Liver abscess in inflammatory bowel disease: report of two cases and review of the literature.
ABSTRACT Hepatic abscesses are a rare complication of inflammatory bowel disease (IBD). Despite the fact that certain hepatobiliary complications of IBD, including cholelithiasis, primary sclerosing cholangitis (PSC) and cholangiocarcinoma predispose patients with IBD to ascending cholangitis, previously published data does not demonstrate that biliary infection is an important mechanism underlying liver abscess development in these patients. We describe two patients with inflammatory bowel disease, both with PSC, who developed multiple liver abscesses, and review the literature on liver abscesses in association with inflammatory bowel disease.
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ABSTRACT: Liver abscesses are very rare complications of ulcerative colitis, with only nine cases described in the literature, to our knowledge. We report a case where a recurrence of liver abscess occurred in an ulcerative colitis patient, in two different hepatic lobes, which has not been previously described. The recurrence was in the caudate lobe having the cultures yielded Staphylococcus aureus. This is also the first case report of liver abscess in this location and caused by this microorganism in an ulcerative colitis patient. A review of the literature concerning liver abscesses involving ulcerative colitis patients is also provided.Journal of Crohn s and Colitis 09/2011; 5(4):360-3. · 3.39 Impact Factor
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ABSTRACT: Colonic mucosal defects might be a route for bacterial invasion into the portal system, with subsequent hematogenous spread to the liver. We retrospectively investigated the results of colonoscopy and the clinical characteristics of patients with pyogenic liver abscess of colonic origin. A total of 230 consecutive patients with pyogenic liver abscess were reviewed between 2003 and 2010. The 230 patients were categorized into three groups (pancreatobiliary [n = 135], cryptogenic [n = 81], and others [n = 14]). Of the 81 cryptogenic patients, 37 (45.7%) underwent colonoscopy. Colonic lesions with mucosal defects were considered colonic causes of abscess. In the 37 colonoscopic investigations, colon cancer was found in six patients (16.2%), laterally-spreading tumor (LST) in two patients (5.4%), multiple colon ulcers in one patient (2.7%), colon polyps in 17 patients (45.9%), and diverticula in four patients (10.8%). Nine (11%) of 81 cryptogenic abscesses were therefore reclassified as being of colonic origin (colon cancer = 6, LST = 2, ulcer = 1). Three cases were stage III colon cancer, and the others were stage I. Two LST were high-grade dysplasia. The percentage of patients with Klebsiella pneumoniae (K. pneumoniae) and diabetes mellitus (DM) of colonic origin was 66.7%, which was significantly higher than the 8.6% for other causes (P < 0.001). Of the 37 patients with cryptogenic pyogenic liver abscess who underwent colonoscopy, nine (24.3%) were diagnosed with a colonic cause. Colonoscopy should be considered for the detection of hidden colonic malignant lesions in patients with cryptogenic pyogenic liver abscess, especially for patients with K. pneumoniae and DM.Journal of Gastroenterology and Hepatology 07/2011; 27(2):248-55. · 3.33 Impact Factor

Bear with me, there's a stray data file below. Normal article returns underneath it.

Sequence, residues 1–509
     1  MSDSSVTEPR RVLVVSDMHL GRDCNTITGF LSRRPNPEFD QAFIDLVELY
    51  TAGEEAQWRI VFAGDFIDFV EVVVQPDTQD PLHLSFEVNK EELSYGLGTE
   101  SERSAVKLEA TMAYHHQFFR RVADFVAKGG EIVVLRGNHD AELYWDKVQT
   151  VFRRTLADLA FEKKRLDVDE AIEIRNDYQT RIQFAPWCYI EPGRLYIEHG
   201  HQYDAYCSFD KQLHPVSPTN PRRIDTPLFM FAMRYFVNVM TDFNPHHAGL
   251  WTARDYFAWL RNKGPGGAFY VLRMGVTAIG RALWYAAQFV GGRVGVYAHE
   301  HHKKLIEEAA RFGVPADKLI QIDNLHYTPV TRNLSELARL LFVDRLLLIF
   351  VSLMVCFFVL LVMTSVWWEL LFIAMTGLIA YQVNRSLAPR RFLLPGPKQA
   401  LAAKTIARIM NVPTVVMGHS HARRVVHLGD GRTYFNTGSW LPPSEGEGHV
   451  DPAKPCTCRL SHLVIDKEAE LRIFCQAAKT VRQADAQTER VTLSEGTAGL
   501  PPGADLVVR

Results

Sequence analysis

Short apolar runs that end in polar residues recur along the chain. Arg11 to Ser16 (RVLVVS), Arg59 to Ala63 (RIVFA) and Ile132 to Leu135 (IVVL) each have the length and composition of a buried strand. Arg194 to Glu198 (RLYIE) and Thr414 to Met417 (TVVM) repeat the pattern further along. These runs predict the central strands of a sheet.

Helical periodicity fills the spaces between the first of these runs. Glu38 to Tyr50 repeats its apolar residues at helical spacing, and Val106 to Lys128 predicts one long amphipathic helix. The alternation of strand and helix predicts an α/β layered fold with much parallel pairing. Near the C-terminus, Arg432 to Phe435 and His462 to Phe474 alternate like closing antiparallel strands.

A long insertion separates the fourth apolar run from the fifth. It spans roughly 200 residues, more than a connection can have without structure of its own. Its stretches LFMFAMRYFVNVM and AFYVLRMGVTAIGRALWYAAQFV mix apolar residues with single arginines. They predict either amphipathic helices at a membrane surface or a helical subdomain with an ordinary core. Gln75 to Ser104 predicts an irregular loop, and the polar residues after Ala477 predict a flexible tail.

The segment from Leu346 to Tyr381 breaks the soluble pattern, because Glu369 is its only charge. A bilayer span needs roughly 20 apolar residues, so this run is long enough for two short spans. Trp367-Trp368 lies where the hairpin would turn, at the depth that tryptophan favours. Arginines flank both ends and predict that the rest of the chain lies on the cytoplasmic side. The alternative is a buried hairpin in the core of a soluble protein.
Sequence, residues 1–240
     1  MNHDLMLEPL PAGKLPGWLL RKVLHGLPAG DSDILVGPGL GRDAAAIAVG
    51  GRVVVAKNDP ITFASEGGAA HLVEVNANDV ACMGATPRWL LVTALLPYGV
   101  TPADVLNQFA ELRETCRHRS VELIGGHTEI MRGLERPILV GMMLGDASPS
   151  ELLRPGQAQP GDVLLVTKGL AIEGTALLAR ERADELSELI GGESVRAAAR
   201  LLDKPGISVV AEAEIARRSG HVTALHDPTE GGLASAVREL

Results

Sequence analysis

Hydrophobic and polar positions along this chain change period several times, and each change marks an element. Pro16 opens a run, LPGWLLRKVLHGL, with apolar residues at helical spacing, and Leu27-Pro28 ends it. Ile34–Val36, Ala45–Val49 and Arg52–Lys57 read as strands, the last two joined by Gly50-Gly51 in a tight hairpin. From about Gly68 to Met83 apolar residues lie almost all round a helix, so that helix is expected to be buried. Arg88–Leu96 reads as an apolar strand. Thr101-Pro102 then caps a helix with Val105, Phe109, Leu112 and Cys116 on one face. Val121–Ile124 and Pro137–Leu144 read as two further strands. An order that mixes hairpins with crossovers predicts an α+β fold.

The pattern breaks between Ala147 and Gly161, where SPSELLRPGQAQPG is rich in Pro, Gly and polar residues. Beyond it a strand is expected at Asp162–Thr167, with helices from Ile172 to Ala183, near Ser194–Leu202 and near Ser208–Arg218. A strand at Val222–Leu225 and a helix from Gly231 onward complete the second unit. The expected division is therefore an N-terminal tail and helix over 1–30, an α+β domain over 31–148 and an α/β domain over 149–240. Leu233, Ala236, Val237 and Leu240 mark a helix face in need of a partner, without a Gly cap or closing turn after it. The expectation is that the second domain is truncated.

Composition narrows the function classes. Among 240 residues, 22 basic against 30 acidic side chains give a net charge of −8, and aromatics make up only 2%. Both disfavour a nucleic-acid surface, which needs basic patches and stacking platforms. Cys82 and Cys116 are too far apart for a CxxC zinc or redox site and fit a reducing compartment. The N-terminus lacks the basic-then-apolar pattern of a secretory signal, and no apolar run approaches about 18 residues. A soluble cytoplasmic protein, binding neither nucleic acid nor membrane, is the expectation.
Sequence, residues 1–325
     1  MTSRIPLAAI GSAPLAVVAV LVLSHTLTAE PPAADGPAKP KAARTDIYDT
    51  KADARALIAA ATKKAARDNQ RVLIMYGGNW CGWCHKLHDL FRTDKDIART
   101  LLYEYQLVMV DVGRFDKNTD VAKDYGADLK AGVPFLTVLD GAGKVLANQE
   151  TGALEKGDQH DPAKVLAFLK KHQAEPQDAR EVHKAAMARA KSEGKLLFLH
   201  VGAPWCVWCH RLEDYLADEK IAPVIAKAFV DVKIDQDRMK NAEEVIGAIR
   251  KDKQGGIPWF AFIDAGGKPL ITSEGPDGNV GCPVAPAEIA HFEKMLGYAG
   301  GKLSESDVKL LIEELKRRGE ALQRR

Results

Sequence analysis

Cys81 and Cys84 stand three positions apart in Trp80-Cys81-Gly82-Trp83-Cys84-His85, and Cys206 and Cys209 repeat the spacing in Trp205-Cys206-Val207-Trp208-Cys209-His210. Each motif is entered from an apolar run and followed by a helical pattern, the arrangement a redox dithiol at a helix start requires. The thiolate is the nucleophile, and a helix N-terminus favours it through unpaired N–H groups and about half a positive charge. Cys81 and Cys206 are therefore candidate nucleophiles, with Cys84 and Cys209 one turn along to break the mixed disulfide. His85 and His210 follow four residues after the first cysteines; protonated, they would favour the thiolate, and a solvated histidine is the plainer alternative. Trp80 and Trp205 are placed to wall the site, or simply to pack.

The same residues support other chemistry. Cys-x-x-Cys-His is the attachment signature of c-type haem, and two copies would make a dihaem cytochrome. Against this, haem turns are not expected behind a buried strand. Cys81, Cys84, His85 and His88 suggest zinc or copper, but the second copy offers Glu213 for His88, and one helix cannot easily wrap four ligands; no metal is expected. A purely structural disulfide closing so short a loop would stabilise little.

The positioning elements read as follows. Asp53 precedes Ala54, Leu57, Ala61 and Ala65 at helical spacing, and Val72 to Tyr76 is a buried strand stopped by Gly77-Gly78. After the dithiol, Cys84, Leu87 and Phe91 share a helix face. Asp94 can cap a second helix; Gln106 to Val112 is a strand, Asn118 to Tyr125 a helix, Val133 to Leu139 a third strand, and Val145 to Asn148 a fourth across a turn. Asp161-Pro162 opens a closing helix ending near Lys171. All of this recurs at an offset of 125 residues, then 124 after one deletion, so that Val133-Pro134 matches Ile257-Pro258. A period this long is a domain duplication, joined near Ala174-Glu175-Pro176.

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ABSTRACT: BACKGROUND: Fusobacterium species (spp.) bacteremia is uncommon and has been associated with a variety of clinical presentations. We conducted a retrospective, population based study to determine the relative proportion of species in this genus causing bacteremia and the risk factors for infection and adverse clinical outcomes. METHODS: All cases of Fusobacterium spp. bacteremia detected at a regional microbiology laboratory serving outpatient and acute care for a population of approximately 1.3 million people over 11 years were identified from a computerized database. Clinical data on these cases was extracted from an administrative database and analyzed to determine underlying risk factors for and outcomes of infection. RESULTS: There were 72 incident cases of Fusobacterium spp. bacteremia over the study period (0.55 cases/100,000 population per annum). F. nucleatum was the most frequent species (61%), followed by F. necrophorum (25%). F. necrophorum bacteremia occurred in a younger population without underlying comorbidities and was not associated with mortality. F. nucleatum bacteremia was found in an older population and was associated with underlying malignancy or receiving dialysis. Death occurred in approximately 10% of F. nucleatum cases but causality was not established in this study. CONCLUSIONS: Fusobacterium spp. bacteremia in our community is uncommon and occurs in approximately 5.5 cases per million population per annum. F. necrophorum occurred in an otherwise young healthy population and was not associated with any mortality. F. nucleatum was found primarily in older patients with chronic medical conditions and was associated with a mortality of approximately 10%. Bacteremias from other Fusobacterium spp. were rare.BMC Infectious Diseases 06/2013; 13(1):264. · 3.03 Impact Factor